From there, things got muddled for me. After equipment, there’s some explanations of how to attack monsters, then an infodump of about 15 pages full of the random charts you’ll need to draw the dungeon and run the game, and continues downhill from there. As I said, I found it a bit haphazard, and until I managed to store it all up in the ol’ noggin, I did quite a bit of page flipping trying to find spell descriptions, tables for searching and wandering monsters, etc., until I finally just annotated the “appendix” at the end of the book to my liking. There are repeated all the random charts alongside character and play sheets, a very useful flow-chart, and could-be-useful-to-you “shorthand symbols” for labeling your room contents on the map (I started out using these, but later found it easier and cleaner to just number each room and write the contents, etc. elsewhere).
That was my only real complaint about 4AD — not the game itself, but illogical sequencing of the rules. The rest of the book layout is fine, but with a mixed bag of (mostly high quality) old-school ink illustrations, pencil drawings, and several renderings, if that sort of thing matters to you. The PDF does contain bookmarks, which I know a lot of folks out there appreciate (myself included).
For my first play, I started out with my pad of graph paper, and the much-appreciated pocketmods that are included with the download and immediately decided I could cram the recommended 20×28 grid onto a single page with 4 minimal character sheets and still have room to track encounters and such. This evolved into my 4AD Game Board, which you can grab here for free, or (awaiting approval) PWYW on DriveThruRPG if you really appreciate it.
Unfortunately, Darkness won out against my intial Four. After generating my party of Barbarian, Cleric, Wizard, and Rogue, and then rolling for my room, right away the first room contents roll produced a “boss” monster! It was a medusa, so I decided to roll on her reaction chart rather than risk surely being turned to stone. Luckily, she gave me a quest instead of giving me the evil [snake] eye: slay every monster in the dungeon. Well, sure enough I was sold on that — laying waste to the place is exactly what I stepped foot in here to do, anyways, and completing a quest gives some of the best rewards. No brainer.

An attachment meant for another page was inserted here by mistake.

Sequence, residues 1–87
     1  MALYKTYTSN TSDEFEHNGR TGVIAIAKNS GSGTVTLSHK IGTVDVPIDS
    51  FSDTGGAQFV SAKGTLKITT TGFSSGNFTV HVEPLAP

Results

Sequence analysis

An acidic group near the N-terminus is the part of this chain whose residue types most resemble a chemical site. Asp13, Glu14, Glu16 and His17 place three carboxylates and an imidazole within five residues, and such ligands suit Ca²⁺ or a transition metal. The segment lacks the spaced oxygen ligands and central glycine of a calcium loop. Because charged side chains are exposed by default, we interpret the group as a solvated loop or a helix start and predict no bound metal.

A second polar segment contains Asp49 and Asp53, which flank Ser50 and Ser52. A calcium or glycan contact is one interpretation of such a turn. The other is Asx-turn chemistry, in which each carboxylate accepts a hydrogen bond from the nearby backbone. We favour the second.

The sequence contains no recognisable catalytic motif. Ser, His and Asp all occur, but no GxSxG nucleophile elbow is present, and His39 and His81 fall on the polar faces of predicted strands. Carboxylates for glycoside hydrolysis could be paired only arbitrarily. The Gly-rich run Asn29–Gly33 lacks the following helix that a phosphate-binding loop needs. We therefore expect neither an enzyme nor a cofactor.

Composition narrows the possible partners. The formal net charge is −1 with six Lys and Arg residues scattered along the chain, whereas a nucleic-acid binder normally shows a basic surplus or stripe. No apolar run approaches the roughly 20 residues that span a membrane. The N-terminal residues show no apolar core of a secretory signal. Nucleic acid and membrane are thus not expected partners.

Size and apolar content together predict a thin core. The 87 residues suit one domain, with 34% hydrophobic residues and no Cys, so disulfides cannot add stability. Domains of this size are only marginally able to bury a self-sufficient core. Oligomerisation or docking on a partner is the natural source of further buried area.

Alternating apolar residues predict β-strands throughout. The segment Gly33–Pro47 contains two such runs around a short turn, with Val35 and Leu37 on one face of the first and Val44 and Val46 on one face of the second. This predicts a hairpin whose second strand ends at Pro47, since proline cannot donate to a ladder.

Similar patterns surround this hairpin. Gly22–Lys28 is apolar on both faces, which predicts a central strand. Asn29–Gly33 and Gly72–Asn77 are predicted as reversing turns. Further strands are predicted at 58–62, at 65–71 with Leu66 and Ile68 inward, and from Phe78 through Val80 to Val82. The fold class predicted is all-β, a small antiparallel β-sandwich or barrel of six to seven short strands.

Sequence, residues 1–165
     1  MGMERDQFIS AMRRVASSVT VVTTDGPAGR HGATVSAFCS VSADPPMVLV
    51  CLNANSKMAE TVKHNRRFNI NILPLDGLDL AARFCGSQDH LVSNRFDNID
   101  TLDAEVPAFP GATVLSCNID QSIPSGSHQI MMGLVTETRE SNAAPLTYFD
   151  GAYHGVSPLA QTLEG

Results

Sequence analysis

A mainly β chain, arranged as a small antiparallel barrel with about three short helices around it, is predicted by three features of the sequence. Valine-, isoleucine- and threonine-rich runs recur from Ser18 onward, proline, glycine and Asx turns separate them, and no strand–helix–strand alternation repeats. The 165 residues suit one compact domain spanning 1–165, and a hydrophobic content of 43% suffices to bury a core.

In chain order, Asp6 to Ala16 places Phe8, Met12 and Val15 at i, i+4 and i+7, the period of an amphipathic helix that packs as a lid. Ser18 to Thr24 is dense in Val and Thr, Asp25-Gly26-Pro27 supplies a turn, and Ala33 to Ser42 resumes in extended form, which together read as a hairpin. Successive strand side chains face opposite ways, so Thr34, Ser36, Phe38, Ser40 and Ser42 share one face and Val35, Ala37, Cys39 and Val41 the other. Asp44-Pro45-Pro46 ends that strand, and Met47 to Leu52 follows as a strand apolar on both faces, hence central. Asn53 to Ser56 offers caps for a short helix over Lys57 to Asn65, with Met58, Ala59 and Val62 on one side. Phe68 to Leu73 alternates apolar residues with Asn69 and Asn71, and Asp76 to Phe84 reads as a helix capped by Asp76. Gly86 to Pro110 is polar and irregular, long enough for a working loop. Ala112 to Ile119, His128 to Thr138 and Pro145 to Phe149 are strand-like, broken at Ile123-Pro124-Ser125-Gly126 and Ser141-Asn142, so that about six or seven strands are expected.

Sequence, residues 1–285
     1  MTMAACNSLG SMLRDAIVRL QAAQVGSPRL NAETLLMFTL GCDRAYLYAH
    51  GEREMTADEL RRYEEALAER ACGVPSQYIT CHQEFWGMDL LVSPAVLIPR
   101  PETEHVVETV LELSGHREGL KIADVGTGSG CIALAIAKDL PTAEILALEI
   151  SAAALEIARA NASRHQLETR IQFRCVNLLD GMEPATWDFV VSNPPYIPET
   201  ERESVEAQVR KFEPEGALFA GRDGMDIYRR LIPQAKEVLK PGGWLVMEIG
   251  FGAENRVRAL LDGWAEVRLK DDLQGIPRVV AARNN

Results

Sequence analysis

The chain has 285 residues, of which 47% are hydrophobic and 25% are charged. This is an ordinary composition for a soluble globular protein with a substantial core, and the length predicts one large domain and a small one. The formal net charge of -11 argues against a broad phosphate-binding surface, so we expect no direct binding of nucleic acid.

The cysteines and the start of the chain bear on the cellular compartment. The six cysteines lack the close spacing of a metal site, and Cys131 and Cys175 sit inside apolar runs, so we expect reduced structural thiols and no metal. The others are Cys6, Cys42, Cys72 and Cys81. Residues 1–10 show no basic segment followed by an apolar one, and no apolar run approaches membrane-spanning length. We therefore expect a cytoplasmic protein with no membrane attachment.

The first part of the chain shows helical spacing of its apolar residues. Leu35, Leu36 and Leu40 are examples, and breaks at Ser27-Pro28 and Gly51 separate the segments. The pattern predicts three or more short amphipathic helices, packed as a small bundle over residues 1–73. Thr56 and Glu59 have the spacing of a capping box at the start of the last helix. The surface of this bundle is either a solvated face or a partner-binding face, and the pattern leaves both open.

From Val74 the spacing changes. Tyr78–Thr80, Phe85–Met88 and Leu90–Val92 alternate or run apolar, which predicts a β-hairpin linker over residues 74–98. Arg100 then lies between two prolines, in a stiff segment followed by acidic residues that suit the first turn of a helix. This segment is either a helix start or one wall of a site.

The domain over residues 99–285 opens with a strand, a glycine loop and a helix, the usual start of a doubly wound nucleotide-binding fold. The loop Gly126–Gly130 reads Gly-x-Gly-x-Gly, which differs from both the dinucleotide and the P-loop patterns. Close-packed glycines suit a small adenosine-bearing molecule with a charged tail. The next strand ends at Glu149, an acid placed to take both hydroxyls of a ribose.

Continuing on, the following room held a dragon! I was taken aback, of course, to have encountered a boss and then a dragon in my first two consecutive rooms, but I suppose that is the nature of random generation — sometimes the dice give you more than you can handle. I decided to test how tough dragons actually are, which turned out to be a poor decision. It wasn’t long before my party of level 1 imbeciles
The combat mechanics are pretty simple. PCs go first, unless surprised by wandering monsters, or mentioned explicitly in the monster description. Attacks and spell-casting are a d6 roll + modifiers, which can be anything from the character’s level, depending on class, to a bonus or penalty from the type of weapon.
Rather than rolling for the monsters’ attacks, you instead make defense rolls for your characters, trying to roll over the monster’s level — again, d6 + modifiers from armor, shield, etc. Some classes get bonuses against certain types of monsters, too. For example, a dwarf outfitted with heavy armor gets a +2 to defense rolls. If he’s defending against a troll, ogre, or giant, he gets another +1. Attacking, he normally adds his level, and gets an additional +1 if attacking goblins.